C&B Notes

The Bolshevik Revolution Turns 100

Russia is closing in on the 100th anniversary of the Bolshevik Revolution.  The Financial Times interviewed six Russians from different backgrounds.  These modern views of the revolution betray the divisions in Russian society today.

He wants Russia to renounce the 74 years of communism that followed the 1917 revolution. “The Soviet Union is not a continuation of the Russian empire, it is a cancerous tumour on the body of historical Russia,” he says.  “It is impossible to build a state on a malignant tumor. It must be removed.  That’s the only way to recover.”

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Born to Russian-speaking ethnic Ukrainian parents in Moldova long after the fall of the Soviet Union, the young woman is part of the Russian diaspora with which Moscow wants to strengthen its bonds.  For her, the communist regime that collapsed in 1991 helps to define her identity.  “I am Ukrainian by nationality and have Moldovan citizenship. My parents were born in Ukraine, and I was already born in Moldova,” she says.  “But we are all compatriots. Our homeland is the USSR.”

There is even less public debate about the revolution in Moldova than in Russia, yet she has strong opinions about the events of a century ago.  “In the grand scheme of things, Russia benefited from the revolution,” the young woman says confidently.  The fire of the revolution, she says — relying perhaps unwittingly on Communist imagery of the time — helped forge something new.  Ms Bozhik is well aware of the dark side of the revolution and the state it created — the execution of the last tsar and his family, the decades of political persecution — and she has had long conversations about this with her parents.

But overall, she believes the good outweighed the bad.  “I give the revolution credit for putting Russia on her feet. The USSR was a great power,” she says.  “Of course much of that got lost in the 1990s, but in the last few years, Russia has been on the way to becoming a great power again. Everyone can see that.”

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As self-declared successor of the party that took power in the October revolution, the KPRF is the only political group to celebrate the revolution’s centenary.  One hundred years on, Mr. Obukhovsky, 23, says Russia is nearing breaking point again.  “People are getting poorer and poorer, but our television talks only about America and North Korea, and opposition candidates are blocked from running in elections,” he says.  “Maybe not right away, but the revolution will come.  We are sitting on a powder keg.  And when 5m people take to the streets, nobody will want to fight for those in the Kremlin any more.”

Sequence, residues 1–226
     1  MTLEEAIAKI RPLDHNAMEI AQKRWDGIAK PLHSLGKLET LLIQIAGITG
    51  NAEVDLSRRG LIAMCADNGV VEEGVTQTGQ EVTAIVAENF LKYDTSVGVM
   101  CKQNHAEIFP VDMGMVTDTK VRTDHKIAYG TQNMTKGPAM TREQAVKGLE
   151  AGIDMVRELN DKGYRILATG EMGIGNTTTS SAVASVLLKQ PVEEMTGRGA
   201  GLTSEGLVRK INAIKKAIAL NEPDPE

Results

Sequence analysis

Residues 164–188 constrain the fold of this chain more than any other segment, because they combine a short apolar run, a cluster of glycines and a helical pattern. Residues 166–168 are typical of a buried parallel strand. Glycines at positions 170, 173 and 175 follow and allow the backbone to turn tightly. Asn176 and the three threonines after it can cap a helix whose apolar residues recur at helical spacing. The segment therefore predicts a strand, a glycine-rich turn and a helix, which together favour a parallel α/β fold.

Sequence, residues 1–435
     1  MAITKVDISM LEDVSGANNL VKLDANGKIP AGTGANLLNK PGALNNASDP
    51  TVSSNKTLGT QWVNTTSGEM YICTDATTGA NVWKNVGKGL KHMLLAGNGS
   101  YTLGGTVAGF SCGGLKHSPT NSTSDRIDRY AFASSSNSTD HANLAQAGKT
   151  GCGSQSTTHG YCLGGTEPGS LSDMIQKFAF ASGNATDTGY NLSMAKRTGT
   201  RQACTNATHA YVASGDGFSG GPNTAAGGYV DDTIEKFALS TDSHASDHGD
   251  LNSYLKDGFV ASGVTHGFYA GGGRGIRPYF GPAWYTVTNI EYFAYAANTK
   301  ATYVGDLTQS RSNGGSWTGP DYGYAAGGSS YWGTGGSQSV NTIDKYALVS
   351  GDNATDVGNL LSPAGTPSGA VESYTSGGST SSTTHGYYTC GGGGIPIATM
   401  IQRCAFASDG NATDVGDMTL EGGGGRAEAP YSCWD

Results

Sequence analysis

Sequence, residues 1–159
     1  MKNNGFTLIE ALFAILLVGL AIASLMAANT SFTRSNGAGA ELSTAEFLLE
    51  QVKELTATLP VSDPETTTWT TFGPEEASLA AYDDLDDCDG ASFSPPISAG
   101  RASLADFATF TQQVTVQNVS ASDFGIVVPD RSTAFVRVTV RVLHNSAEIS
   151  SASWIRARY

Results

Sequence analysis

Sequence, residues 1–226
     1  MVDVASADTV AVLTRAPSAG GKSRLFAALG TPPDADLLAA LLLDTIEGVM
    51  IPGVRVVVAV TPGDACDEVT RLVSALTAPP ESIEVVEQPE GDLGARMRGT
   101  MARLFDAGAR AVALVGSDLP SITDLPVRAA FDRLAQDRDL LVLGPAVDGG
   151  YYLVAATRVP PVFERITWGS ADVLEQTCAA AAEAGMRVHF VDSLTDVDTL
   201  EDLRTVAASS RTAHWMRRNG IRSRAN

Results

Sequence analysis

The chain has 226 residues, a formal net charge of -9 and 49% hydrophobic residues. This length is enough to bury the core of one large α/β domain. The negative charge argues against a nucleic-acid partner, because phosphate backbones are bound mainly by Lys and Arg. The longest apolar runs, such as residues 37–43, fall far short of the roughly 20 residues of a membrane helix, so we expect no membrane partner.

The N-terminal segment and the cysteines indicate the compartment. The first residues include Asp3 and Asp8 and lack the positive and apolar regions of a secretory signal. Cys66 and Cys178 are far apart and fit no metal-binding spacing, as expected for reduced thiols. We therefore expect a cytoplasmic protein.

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“It is time.  It has been 100 years and we dream that a new tsar will appear for us,” he says.  “The Russian is inclined to submit to a ruler and love the great power.  The power of Russia will be reborn with the tsar.  But we must have national repentance for what the barbaric Soviet authorities did.  Without repentance in the Strastnoy convent, Russia will not be reborn.”

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The situation today reminds her of that faced by the young radical members of the Socialist Revolutionary party such as Ivan Kalyaev, who in 1905 assassinated Grand Duke Sergei Alexandrovich, the uncle of Russia’s last tsar and an influential figure at the court of the Romanovs.  “I really love these young people, I’m reading everything about them.  They believed in the revolution so much, but it failed,” she says.  “Kalyaev is an ideal protagonist for a playwright — a guy who writes bad poetry but is good at blowing up people.  ”The state of mind of Russia’s early revolutionaries, says the director, echoes that of many young Russians today.  “You are helpless as a citizen, politically powerless.  You are an educated young person and you want to improve something, but there is nothing you can do,” she says.  “I can do theatre and I want to do theatre. But now they are imprisoning people for theatre.”

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